Before you start micromanaging every decision your wedding planner makes, remember one thing: You're paying them for a reason. Consider their experience and expertise an opportunity for you to relax. They want you to love the result (after all, your recommendation hinges on it!), so they're going to strive to please. Think of it this way: Wouldn't you rather help someone who trusts your abilities rather than second-guesses everything you do? There's no harm in giving a good amount of direction at the outset, but asking for daily progress reports is too excessive.
Whether you're worried about babies crying during the ceremony or can't afford to seat entire families for dinner, it's your decision whether or not you want to invite children to your wedding. As long as you're consistent about this rule (no exceptions for your closest friends!) and up front in your invitations and on your wedding website, you shouldn't feel bad if you have to politely tell your second cousin she can't RSVP her toddler triplets.
Even the least crafty bride can undoubtedly personalize a few details of her wedding, and the bragging rights—not to mention the savings—will be well worth the effort. Try your hand at creating your favors or ceremony programs. If those tasks seem too daunting, keep it simple: Put your excellent penmanship to use and write out the escort cards, or make your own welcome bags for out-of-town guests with maps of the area and a few local goodies.
You can't put all your friends in the wedding party, but there are usually a few people left over that you still want to honor, so you create "special" jobs, like cake servers and guest book attendants. Our advice: Unless your guest book is especially complicated, an attendant probably isn't necessary. Honorary jobs are still jobs, and chances are, they'll have a much better time if you just let them enjoy the party rather than having them stand guard by the guest book.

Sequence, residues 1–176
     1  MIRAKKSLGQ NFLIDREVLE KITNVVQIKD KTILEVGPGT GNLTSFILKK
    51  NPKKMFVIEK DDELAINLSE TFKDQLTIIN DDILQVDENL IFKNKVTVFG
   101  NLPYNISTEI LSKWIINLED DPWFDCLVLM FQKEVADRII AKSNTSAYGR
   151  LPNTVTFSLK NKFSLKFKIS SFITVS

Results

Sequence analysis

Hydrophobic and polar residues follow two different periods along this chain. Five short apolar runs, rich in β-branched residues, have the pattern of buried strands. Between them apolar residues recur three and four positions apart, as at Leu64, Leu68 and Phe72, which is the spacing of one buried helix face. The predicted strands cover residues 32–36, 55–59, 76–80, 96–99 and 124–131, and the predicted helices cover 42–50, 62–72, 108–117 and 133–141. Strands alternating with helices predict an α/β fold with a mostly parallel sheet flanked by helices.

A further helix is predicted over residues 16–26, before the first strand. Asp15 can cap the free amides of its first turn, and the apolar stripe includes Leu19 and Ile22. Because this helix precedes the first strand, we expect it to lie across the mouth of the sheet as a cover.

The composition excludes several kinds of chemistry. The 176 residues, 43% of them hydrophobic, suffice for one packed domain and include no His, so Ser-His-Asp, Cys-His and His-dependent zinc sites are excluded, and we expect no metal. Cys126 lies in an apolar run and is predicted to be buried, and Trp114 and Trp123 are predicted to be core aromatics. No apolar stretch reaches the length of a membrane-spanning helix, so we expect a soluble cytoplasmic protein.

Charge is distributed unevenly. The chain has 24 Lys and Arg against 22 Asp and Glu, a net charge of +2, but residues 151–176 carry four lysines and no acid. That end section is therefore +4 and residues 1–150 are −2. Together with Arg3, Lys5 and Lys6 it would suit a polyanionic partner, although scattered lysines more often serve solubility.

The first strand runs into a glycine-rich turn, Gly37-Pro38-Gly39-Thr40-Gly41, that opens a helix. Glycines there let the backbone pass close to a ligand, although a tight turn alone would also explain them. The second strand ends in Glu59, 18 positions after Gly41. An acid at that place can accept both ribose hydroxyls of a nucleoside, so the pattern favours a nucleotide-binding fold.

Make sure you take time with your new spouse to really enjoy the party you worked so hard to plan. If you spend your whole wedding day directing the photographer and making sure the bridal party makes their entrance on cue, you'll be missing out on a lot of amazing memories. Even if you don't hire a day-of wedding coordinator, put a trusted relative or bridesmaid in charge of making sure things go smoothly on the wedding day.
Even if the entire universe seems to be conspiring against you, don't shut down. It's always easier said than done, but try to remember that many mishaps are truly out of your hands, and that hiccups can turn into unexpected memories and hilarious stories down the line. Did your outdoor ceremony get rained out? Instead of panicking, throw on some cute rain boots, grab a big umbrella and start posing for some adorable rainy-day photographs. The DJ played the wrong song for your bridal party's entrance? Chances are no one else noticed. After months of obsessing over the details, it's easy to get lost in them. Loosen up, keep in mind what's important (you're getting married!), and we promise that even if the caterer serves twice-baked potatoes instead of mashed, it'll all be great in the end.